Southwestern Historical Quarterly
to each of the book's three sections and explained the most important inter-
pretive points around which the essays in each section revolve.
In summary, Miller and Genovese have provided a convenient collection
of model studies in the local history of American Negro slavery. These
essays reveal many of the essential sources and investigative methods for
local studies. They remind us of the great variety in the antebellum southern
experience with slavery. But these essays are not alike in the questions they
ask, and the editors do not make a very successful effort to bring them into
some common focus. The problem is not inherent in local history or in
collections of such studies. Instead the answer lies in more local histories
employing similar methods and testing the same general theories and inter-
pretations. Editors of collections such as Plantation, Town, and County
will then have less difficulty in demonstrating the full potential of this
approach for the study of slavery in the antebellum South.
North Texas State University RANDOLPH CAMPBELL
The Doctors Herff: A Three-Generation Memoir. By Ferdinand Peter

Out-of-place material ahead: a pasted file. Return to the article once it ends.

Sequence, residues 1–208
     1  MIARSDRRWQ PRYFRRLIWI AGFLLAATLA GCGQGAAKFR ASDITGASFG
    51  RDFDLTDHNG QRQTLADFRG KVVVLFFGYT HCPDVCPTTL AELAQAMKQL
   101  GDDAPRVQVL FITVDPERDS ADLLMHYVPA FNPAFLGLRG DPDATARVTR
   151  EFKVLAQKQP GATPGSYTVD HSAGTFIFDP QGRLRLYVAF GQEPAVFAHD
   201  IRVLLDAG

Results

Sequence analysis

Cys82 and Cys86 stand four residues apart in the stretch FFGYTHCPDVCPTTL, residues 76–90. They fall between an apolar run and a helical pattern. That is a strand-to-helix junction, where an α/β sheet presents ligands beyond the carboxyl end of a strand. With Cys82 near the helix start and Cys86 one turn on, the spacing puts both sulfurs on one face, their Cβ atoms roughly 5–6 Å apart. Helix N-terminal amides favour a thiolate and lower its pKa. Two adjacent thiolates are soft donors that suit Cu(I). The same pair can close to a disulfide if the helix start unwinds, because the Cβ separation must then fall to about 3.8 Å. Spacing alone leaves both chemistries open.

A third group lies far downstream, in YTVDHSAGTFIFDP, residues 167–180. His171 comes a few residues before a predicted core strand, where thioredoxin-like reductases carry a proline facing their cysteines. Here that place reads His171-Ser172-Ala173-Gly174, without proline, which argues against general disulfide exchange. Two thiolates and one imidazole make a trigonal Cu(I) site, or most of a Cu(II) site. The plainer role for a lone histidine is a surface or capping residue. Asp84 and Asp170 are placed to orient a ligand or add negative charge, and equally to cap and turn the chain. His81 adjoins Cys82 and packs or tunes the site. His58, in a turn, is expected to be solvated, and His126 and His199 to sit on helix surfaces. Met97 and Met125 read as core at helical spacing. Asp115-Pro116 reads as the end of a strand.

Herff. Edited by Laura L. Barber. (2 volumes. San Antonio: Trinity
University Press, 1973. Pp. xiii+519. Illustrations, index. $i8.oo.)
In a family memoir of striking elegance, enhanced by sensitive, skillful
editing, the late Dr. Ferdinand Peter Herff (1883-1965) recounted the lives
of three distinguished San Antonio physicians whose careers spanned more
than a century. Volume I is devoted mainly to the author's grandfather,
Dr. Ferdinand Ludwig Von Herff (I820-1912), a graduate of the Uni-
versity of Giessen, who migrated permanently with his bride from the
Rhineland community of Darmstadt to Southwest Texas in 1849, settling
in San Antonio the following year. Subsequently, seven sons were born to
the couple as the former Hessian army medical officer's practice of medicine
and general surgery became increasingly successful. During these years,
also, the Herff family acquired social prominence among local German set-
tlers and in the larger community. Two sons followed their father's profes-
sion: John, the first born, who died tragically in 1882, and the fourth child,
Adolph, the author's father. The concluding section of Volume I describes
the life and career of Dr. Adolph Herff (1858-1952).
Volume II is autobiographical. The second of three children, Ferdinand
Peter grew up claiming the Herff family's distinctive cultural heritage in
the heterogeneous setting of San Antonio. He followed his father's footsteps
by attending Jefferson Medical College in Philadelphia (where Dr. Adolph
had obtained his degree in I880) and graduating in the class of 1905.
This portion of the memoir is exceedingly rich: school and intern days at
Texas State Historical Association. The Southwestern Historical Quarterly, Volume 78, July 1974 - April, 1975. Austin, Texas. The Portal to Texas History. http://texashistory.unt.edu/ark:/67531/metapth117149/. Accessed March 9, 2014.